Sonoma County Wine Making
The cycle of the seasons are anything but routine in wine country. From the first budbreak of the year to the finished product on the bottling line, every step counts in making fine Sonoma County Wine.
Learn about Sonoma County Wine Making with The Travel Mom
After the harvest, grapevines lose their leaves and go dormant for the winter, like other deciduous vines or trees (maples, and oaks, for example). When dormant, the vines are hardy and can withstand freezing temperatures. Budbreak describes the time in spring when the first tender green leaves sprout from last year's woody canes. It's a particularly beautiful sight when viewed up close - very close.
Visit the small demonstration vineyard, originally planted by the viticulture students at Santa Rosa Jr. College, at Kendall-Jackson Wine Estate and Gardens, in the spring to note how each variety (or cultivar) of wine grape buds out in a slightly different timeframe. Some don't make an appearance until weeks after the early ones.
In summer, study up on the difference between Pinot Noir and Merlot - just in case there's a test! Ampelography is the practice of identifying grapevines, beginning with the shape of the leaves. When it's close to harvest, the grape clusters provide you with a few clues, too.
Kendall-Jackson Wine Estate and Gardens is located just north of Santa Rosa, at the gateway to northern Sonoma County wine country. Although it's convenient to the 101 freeway, and there is ample parking available, the visitor center has a peaceful, park-like setting which invites strolling through the rose gardens and the vines, provides the shade of a gazebo amid the trees, and offers learning opportunities in the culinary and "sensory gardens". Both self-guided tours and guided tours with the wine tasting (at 10am and 2pm by reservation) are available.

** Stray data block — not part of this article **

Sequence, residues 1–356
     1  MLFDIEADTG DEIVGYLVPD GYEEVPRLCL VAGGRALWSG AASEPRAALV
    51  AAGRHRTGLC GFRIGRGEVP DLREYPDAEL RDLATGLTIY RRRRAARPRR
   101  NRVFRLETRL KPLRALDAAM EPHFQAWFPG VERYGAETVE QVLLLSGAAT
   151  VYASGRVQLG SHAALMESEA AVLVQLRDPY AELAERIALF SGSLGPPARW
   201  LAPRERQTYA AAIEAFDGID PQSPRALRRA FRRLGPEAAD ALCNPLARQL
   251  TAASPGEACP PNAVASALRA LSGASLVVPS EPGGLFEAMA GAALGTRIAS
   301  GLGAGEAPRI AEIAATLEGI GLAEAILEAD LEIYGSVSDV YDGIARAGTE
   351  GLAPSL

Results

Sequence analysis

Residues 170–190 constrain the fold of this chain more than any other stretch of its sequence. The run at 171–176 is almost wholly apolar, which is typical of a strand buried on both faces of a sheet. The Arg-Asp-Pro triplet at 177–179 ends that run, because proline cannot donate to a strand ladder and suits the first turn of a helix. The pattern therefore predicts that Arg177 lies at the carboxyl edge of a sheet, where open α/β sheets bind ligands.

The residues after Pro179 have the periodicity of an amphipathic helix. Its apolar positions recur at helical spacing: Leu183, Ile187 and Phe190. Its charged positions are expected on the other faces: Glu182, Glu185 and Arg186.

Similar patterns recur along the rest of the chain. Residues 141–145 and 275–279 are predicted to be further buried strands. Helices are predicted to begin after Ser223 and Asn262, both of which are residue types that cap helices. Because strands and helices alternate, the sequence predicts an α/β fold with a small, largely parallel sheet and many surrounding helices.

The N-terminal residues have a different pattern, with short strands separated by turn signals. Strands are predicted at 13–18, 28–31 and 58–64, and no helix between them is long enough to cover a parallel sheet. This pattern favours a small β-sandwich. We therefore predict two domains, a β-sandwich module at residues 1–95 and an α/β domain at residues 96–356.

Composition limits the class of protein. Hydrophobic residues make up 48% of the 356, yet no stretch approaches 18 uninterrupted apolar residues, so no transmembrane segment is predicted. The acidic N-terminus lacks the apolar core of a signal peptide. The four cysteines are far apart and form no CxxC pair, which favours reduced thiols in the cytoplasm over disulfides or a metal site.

The crush, the time when grapes are picked and delivered to the winery for fermentation is a visibly busy time at Martinelli Winery, a few miles to the west of Kendall-Jackson on River Road. Bins of grapes may be lined up outside the winery, while tanks are filled and barrels are washed. Winter and summer are not necessarily slow seasons at the winery, either, as barrels are brought back out on the crushpad to be drained and refilled, while others are topped in the cellar - extra wine must be added to make up for evaporation even in the coolest of cellars.
As young newlyweds, Giuseppe and Louisa Martinelli arrived in Sonoma County from Italy around 1887. Within several years, they planted grapes on an impossibly steep hillside that later generations dubbed "Jackass Hill". In the 1970s, Lee Martinelli Sr. continued the family tradition and planted more vineyards. Today, Martinelli grapes from the Russian River Valley and Sonoma Coast are prized among winemakers, and are vineyard-designated in top Sonoma County wines. Only 10 to 15 percent of Martinelli grapes show up at their own winery, the most distinctive building of which are old hop kilns, painted a cheerful red.
At last, the wine is put in bottles for the market. But how do they get the bubbles in the bottles for sparkling wine? That explanation is a job for Korbel Winery, makers of "California Champagne" and they do it well. And free of charge! Tours begin at the small visitor center, which was Korbel's own station on the San Francisco and North Pacific Railroad during the logging days on the Russian River. Tours include a fun little documentary, screened in a theater comfortably outfitted with oak benches, full of "did you know" details (Did you know that it all started as a cigar box manufacturer?). The Korbel tasting rom is a big, old-fashioned room where the product is chilled, bubbly, and priced within everyone's reach. Pop that bottle and celebrate another year and all the steps that made another successful vintage!
Lodging in the area: Vintners Resort
Written by James Knight